Northwell Health Breaks Down Racial Disparities in Diabetes Prevalence

Northwell Health is a DiversityInc Top 50 Hall of Fame company.


The stigma around diabetes is common, yet medical researchers have debunked factors like individual choice, body fat or ethnic biology as causes of the disease. Instead, diabetes is one of many health conditions that expose racial and class-related health disparities.

Northwell Health used data from the Centers for Disease Control and Prevention (CDC) and other studies to look at racial disparities in the prevalence of and morbidity from diabetes in the U.S.

“The impacts of social inequities, including conditions created by systemic racism and poverty — like access to quality, affordable healthcare, nutritious foods and a clean environment — as well as other factors like family history, have been shown to heavily influence diabetes rates,” wrote the company.

These inequities also impact the treatment for those who have been diagnosed with diabetes. The price of insulin has spiked significantly in the past two decades, disproportionately impacting low-income and uninsured populations.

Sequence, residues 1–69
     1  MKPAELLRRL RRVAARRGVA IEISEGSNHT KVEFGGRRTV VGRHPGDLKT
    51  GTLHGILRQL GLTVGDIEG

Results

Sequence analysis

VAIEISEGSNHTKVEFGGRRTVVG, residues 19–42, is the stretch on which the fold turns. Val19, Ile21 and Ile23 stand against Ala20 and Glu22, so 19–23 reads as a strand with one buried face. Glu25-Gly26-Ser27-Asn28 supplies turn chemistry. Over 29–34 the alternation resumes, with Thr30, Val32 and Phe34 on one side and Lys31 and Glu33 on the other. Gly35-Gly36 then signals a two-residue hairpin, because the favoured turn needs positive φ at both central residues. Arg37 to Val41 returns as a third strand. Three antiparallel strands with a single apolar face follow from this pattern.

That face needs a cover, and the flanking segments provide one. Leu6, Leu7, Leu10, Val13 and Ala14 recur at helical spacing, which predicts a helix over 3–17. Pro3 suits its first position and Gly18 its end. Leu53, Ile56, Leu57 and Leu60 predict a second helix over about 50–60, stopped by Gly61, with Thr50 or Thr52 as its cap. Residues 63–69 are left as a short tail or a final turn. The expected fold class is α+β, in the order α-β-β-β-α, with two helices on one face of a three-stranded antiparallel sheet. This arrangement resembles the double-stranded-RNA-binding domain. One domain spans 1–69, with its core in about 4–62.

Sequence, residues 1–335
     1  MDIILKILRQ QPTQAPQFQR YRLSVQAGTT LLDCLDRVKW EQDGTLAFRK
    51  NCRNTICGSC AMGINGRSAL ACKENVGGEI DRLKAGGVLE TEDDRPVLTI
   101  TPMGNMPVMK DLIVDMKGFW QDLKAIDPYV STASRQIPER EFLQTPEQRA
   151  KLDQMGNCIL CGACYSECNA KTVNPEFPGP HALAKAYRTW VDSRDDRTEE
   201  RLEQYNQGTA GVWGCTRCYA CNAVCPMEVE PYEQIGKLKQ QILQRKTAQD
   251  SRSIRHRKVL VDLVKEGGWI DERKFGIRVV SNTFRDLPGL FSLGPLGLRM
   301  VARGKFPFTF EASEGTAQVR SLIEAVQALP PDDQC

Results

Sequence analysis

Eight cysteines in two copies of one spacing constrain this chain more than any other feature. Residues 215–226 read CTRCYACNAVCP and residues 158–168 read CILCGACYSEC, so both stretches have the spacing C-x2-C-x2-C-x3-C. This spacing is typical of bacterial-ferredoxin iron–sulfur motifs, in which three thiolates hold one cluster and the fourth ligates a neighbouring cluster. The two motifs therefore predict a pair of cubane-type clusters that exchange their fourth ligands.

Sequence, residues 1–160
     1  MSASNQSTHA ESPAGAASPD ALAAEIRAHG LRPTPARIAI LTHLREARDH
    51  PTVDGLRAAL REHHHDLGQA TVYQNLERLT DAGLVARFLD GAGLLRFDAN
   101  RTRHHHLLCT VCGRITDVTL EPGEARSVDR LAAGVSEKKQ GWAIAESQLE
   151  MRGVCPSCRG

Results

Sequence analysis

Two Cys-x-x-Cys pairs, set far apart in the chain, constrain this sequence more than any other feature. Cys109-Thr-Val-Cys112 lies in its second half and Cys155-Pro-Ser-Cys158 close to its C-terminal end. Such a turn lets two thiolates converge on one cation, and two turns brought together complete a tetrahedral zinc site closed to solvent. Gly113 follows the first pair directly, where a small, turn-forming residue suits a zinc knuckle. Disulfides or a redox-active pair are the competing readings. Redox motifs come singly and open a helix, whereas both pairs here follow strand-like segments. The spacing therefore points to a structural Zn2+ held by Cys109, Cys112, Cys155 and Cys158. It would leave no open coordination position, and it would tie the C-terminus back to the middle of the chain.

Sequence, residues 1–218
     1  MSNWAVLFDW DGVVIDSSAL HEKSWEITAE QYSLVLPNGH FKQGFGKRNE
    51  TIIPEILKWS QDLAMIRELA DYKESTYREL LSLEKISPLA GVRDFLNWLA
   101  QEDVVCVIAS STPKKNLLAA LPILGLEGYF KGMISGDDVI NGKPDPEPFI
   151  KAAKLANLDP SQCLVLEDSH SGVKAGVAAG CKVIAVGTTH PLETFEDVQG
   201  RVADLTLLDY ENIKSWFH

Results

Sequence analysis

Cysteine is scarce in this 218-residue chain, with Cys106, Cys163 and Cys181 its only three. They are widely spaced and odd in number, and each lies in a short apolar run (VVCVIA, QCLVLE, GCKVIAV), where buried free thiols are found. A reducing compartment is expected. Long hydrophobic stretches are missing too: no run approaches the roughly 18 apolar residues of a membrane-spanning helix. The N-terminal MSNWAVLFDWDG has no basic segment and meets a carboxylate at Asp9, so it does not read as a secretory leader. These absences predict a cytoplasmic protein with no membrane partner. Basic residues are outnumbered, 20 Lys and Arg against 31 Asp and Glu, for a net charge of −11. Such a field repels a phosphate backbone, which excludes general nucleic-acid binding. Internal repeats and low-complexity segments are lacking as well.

According to the CDC, people of color experience much higher rates of diabetes than white populations. The prevalence of diabetes among different demographics in the 2018-19 timeframe it was measured is broken down below:

  • 14.5% of American Indian and Alaska Natives
  • 12.% of Black populations
  • 11.8% of Hispanic populations
  • 9.5% of Asian populations
  • 7.4% of white populations.

According to the American Journal of Public Health, poverty, high exposure to toxins, limited access to affordable nutritious foods and inaccessible health care services — factors linked to systemic racism — elevate the risk of diabetes.

“Studies have shown that diabetes mortality is influenced by the same risk factors that put Black and Indigenous Americans at higher risk for diabetes in the first place: segregation, poverty conditions created by systemic racism and lack of access to affordable health care,” Northwell Health wrote. “For those without equitable access to affordable treatments and monitoring by doctors for potential complications, diabetes is more likely to become deadly.”



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